Title: Small Great Things
Author: Jodi Picoult
Age Group: Adult
Genre: Contemporary Fiction
Star Rating: 5 out of 5 Stars
I borrowed this book through my local library and reviewed it.
I've read several of Jodi Picoult's novels, all of them hard-hitting, thoughtful, and peppered with flawed, believable characters, and I loved almost all of them. My grandmother bought it when it first came out last year, and ever since, she's been begging me to read it so we can talk about it. (Now that I think about it, I need to call her as soon as I get this written, but moving on!) It caught my eye, sitting on a library display table, and on impulse, I decided to take it home with me. I pushed it to the top of the stack, because I wanted to read it as soon as possible. And I'm so glad that I did, because it really opened my eyes to the broken justice system that we live in, and that I, as a white person, has directly and indirectly benefited from the oppression of minorities, particularly African Americans. (I usually don't bring politics into my reviews, but this is absolutely neccessary!)
Small Great Things is told from the point of view of three different people: Ruth, an African American nurse, her lawyer, Kennedy, and a white supremacist and new father, Turk. Ruth is soon put on trial for murder when Turk's newborn son dies on her watch, despite the fact that Turk requested that Ruth not touch the baby. What ensues is a national legal battle, thick with tension, and all three lives hang delicately in the balance of the verdict. Picoult deftly weaves another medical/legal thriller with relevant social and political questions, and it was really well done. There were a few little things that bothered me, though I didn't count them toward the rating. I didn't like the way circumcision was addressed, because I don't agree with it, and there were times when the medical jargon got a little confusing, though it was all explained later on in the book.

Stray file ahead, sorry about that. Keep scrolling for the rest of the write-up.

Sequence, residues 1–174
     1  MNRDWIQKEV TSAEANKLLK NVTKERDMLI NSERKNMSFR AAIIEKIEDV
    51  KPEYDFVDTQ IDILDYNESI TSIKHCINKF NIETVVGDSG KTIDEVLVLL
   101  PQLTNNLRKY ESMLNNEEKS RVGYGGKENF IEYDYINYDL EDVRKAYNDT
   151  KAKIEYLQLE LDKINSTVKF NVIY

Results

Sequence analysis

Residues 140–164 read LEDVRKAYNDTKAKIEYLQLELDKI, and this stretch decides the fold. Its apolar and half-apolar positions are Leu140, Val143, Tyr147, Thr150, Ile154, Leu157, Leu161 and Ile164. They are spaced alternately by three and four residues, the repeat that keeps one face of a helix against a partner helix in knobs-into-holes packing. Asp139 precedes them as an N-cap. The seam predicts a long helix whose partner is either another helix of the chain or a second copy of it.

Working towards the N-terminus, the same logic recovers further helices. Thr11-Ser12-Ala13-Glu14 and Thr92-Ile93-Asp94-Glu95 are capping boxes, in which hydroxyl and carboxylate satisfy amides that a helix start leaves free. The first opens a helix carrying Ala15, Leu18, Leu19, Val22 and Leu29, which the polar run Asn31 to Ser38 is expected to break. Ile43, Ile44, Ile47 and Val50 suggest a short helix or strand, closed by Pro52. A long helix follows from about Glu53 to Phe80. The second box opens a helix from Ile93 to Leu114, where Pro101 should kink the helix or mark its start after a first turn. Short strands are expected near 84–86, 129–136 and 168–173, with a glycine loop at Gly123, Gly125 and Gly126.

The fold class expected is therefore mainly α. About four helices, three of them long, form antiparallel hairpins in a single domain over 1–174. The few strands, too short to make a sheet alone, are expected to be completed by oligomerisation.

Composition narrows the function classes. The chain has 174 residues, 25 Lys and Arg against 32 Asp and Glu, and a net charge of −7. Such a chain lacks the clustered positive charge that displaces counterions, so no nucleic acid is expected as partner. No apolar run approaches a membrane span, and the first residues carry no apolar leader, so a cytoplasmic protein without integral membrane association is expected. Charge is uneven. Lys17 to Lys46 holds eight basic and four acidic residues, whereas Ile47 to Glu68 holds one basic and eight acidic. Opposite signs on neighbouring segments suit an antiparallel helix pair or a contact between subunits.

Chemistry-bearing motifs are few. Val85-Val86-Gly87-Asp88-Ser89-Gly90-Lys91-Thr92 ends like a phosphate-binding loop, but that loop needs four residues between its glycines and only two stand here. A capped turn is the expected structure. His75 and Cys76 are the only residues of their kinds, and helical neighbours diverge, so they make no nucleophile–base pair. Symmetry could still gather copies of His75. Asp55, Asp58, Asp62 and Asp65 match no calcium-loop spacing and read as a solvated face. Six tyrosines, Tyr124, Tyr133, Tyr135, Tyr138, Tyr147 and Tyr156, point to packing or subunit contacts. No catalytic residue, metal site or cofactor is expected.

The prose was really engaging, and I really liked the way that the narration went back and forth between each character; I liked how detailed everything was and how I got everyone's point of view; it really made me understand the whole story, and what Jodi Picoult was trying to say about racism in the first place. There isn't going to be any difference made until white people are just as outraged as minorities about inequality. I really feel like my eyes have been opened, and I will be making more of an effort to use my voice for everyone. What a timely, relevant book! The bottom line: Another legal/medical thriller from one of literature's darlings, Small Great Things was absolutely amazing! I can't wait for Jodi Picoult's next venture! Next on deck: Love and Gelato by Jenna Evans Welch!